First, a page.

Digital technology an methodological adaption: text on video as a resource for analytical reflexivity
Issue: Vol 1 No. 2 (2004)
Journal: Journal of Applied Linguistics
As digital video technologies develop for recording, viewing, and organising data, it is useful to examine the relationship between technologies and analytical procedures. Accessible technology now enables researchers to mark, annotate, and compare digital video recordings. Such features encourage and facilitate a more comprehensive examination of the non-verbal components of interaction than text-centered approaches. Digital video editing software offers researchers the potential to modify analytical procedures in ways that enhance the use of recorded data and expand analytical concepts for the study of interaction.
Video recordings of biology students, interacting as they work on a genetics assignment, are discussed in regard to the features of video editing software that enable constant and immediate access, in one computer window, to recorded data, transcript extracts, and analytical comments. Particular attention is paid to the use of timelines, video markers, and the placement of transcripts of students’ utterances and analysts’ comments on the video images. Such features supported analytical procedures that sustained an emphasis on the primary recorded data. This led to increased reflexivity among primary data, analytical categories, and transcripts, with the result of increased attention to the importance of pointing in the task-related discourse and the students’ understandings of genetics concepts.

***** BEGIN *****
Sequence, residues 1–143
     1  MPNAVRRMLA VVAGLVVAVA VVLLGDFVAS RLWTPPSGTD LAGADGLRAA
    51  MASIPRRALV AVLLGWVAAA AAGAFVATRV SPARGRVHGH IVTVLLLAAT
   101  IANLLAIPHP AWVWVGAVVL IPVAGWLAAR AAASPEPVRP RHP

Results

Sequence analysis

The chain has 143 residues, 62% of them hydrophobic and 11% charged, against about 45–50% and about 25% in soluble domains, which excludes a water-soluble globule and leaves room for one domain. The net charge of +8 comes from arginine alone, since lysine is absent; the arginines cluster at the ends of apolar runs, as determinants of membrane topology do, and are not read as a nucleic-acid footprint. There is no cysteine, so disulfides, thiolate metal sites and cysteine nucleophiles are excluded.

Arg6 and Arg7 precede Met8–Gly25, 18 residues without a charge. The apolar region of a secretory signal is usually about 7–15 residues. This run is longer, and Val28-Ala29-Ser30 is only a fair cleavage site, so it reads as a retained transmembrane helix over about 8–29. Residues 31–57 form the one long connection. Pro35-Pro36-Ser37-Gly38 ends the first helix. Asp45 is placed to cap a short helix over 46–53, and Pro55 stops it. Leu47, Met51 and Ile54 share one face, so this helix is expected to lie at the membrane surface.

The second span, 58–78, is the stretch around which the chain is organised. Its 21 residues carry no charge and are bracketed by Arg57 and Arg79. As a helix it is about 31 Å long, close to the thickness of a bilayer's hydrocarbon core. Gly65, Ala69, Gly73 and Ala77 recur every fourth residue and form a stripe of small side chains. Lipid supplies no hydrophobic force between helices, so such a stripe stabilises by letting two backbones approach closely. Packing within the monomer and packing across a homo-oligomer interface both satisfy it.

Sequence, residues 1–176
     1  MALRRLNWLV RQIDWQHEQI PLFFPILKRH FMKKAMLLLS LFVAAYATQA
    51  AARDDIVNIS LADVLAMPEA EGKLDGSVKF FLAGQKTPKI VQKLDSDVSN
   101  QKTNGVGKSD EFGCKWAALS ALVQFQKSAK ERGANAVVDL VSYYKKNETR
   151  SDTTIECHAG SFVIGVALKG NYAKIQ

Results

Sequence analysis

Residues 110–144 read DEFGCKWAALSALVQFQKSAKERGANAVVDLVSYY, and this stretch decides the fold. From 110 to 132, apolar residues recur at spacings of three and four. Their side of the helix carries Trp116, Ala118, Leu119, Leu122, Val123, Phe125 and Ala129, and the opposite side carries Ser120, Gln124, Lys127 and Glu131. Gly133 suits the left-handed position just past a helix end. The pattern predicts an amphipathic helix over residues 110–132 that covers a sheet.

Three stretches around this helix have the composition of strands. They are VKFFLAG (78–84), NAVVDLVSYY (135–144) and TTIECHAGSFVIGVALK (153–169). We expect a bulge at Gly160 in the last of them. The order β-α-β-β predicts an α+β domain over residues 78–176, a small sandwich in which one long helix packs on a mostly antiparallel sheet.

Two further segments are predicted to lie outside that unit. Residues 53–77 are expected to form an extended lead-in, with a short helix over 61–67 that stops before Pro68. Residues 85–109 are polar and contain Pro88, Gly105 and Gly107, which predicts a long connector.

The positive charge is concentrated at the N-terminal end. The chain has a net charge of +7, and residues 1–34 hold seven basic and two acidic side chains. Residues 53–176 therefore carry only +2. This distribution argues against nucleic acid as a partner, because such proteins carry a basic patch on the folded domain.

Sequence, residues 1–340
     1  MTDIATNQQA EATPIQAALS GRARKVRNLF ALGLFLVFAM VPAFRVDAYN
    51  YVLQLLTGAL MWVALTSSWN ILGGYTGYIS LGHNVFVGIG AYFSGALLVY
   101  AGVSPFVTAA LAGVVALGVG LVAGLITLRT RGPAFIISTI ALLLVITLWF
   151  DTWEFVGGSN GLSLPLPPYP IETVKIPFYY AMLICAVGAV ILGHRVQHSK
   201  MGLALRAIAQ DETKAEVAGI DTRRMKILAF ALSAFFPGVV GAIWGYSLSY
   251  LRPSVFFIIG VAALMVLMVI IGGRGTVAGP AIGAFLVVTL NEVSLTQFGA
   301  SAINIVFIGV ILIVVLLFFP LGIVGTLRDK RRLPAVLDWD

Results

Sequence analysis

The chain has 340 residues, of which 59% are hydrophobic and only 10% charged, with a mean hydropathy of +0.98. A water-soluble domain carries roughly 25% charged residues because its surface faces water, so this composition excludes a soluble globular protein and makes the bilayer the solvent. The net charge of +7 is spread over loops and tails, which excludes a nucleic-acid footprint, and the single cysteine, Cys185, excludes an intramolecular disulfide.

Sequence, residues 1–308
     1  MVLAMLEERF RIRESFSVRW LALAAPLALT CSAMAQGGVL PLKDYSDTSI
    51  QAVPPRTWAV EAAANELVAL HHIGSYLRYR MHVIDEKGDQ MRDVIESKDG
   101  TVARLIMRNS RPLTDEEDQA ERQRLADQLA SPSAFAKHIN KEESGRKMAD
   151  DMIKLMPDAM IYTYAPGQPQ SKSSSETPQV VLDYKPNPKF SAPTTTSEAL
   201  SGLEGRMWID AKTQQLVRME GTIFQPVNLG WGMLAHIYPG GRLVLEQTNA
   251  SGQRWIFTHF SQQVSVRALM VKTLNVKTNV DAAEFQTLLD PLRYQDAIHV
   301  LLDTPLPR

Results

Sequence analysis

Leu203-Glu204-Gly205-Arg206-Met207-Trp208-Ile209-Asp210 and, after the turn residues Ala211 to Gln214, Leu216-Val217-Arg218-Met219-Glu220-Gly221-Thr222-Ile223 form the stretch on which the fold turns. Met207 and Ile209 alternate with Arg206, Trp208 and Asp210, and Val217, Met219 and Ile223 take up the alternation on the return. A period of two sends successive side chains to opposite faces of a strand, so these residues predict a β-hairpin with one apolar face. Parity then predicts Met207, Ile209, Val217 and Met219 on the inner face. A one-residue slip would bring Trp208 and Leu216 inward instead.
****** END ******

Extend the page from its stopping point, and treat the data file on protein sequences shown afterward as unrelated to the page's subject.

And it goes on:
Author: Barry Saferstein